My fellow writer Michelle recently wrote an article about the newest trend in K-pop: sub-units. As she explained, sub-units have the virtue to bring something new to the table. Infinite‘s very own sub-unit, Infinite H, has all it takes to be a great sub-unit — the only thing is, it isn’t a real one.

Infinite H is comprised by members Hoya and Dong-woo, and the H is supposed to stand for ‘hip-hop’, which isn’t strange taking into account that Hoya and Dong-woo are Infinite’s rappers as well as main dancers. The reason I wouldn’t consider Infinite H as a real unit is because well, they haven’t released any duo material solely on their own. Their duo acts consist of a song in Infinite’s full-length album Over the Top, a dance battle and a couple of joint stages in concerts.

Through these acts, however, they have showed that they have the potential to work as a duo group. But why them, among all the members of Infinite? And why them, among all the idols out there?

Firstly, triple-threats in K-pop are unfortunately not that common, let alone having two in the same group. Hoya and Dong-woo are both skilled dancers, decent rappers and surprisingly good singers. Sub-units that aren’t made out of the main singers such as Super Junior K.R.Y. often base their appeal in the complementarity of the members: singer/rapper in SISTAR19, boy/girl in Troublemaker. Infinite H wouldn’t really need to rely on that since they both can sing and dance, but at the same they do complement each other — Hoya is a better singer, while Dong-woo has better rapping skills.

But above all, they are both outstanding dancers. Dance duos are not that common in K-pop, but if JJ Project has taught us something, it is that they do work on stage — and you basically get rid of the weakest links, so the choreographies can be more sophisticated and complex. Hoya and Dong-woo have already made use of these advantages in their duo dance stages, which aren’t a mere display of their skills, but also a demonstration of team work.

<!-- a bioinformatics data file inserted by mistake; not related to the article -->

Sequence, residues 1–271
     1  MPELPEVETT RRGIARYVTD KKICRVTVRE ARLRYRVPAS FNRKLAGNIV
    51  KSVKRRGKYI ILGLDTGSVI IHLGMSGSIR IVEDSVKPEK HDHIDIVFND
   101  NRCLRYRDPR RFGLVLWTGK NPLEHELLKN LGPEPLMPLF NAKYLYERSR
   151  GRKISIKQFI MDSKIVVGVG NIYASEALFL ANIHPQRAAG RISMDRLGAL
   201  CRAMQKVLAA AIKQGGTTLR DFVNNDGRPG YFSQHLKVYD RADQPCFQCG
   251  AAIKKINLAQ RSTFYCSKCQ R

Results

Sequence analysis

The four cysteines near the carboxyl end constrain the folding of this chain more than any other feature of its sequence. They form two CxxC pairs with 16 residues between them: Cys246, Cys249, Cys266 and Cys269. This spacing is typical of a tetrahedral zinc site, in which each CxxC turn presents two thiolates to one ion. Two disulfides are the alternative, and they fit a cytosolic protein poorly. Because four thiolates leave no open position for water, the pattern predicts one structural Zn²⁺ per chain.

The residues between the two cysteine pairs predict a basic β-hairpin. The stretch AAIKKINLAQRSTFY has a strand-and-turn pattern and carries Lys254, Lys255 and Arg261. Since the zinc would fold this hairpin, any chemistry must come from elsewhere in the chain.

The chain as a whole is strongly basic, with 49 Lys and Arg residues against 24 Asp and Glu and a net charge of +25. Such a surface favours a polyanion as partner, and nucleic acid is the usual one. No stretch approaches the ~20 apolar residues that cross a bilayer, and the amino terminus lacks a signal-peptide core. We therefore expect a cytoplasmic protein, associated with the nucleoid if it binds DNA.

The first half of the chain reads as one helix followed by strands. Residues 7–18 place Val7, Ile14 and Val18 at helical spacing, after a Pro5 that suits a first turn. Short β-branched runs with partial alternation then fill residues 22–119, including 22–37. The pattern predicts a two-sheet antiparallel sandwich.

Hoya and Dong-woo also have probably the best on-stage chemistry in Infinite. They aren’t only close friends, they also have a similar style and taste, making them totally compatible. They are also two of the members with more stage presence and know how to work it out together. I’m pretty confident they can rule the stage by themselves — actually, I don’t even need to guess, they have had enough duo stages to pass the beta stage.


They even have a style to start with: hip-hop. Let’s be honest, they aren’t GD&TOP. They are still idols with no underground experience and, although both have tried their hand at writing their own raps, they still have yet to write a whole song. Yet they have proved they can pull out a hip-hop song written for them, especially low-tempo melodic tracks like their own track “Crying” or the Verbal Jint‘s “You Look Good” cover they performed at their Japanese concert.


Infinite H could also work as a way to promote two overshadowed members. While Infinite doesn’t specifically have a problem with one or two members being overexposed, they still rely quite a lot on the individual activities of the members (dramas, musicals, varieties, etc.). With Hoya being cast in a new sitcom, he is finally getting his own share of the spotlight; Dong-woo, however, is still underexploited.

All in all, since the purpose of sub-units is to offer new sides of the groups or experiment with new genres, Infinite H could be the next kick-ass sub-unit (somebody please name me personal adviser of Woollim‘s CEO). How cool would it be to see an Infinite unit doing hip-hop, a genre they haven’t really touched yet? And how awesome would it be to have a hip-hop dance group promoting? Well, in my humble opinion, pretty amazing.

What do you think about the potential of Infinite H, Seoulmates? Would you also be rooting for a solo album were it to happen? Share your thoughts below!

(Woollim Entertainment, IsolaLiveHD, kpopidolinfinite,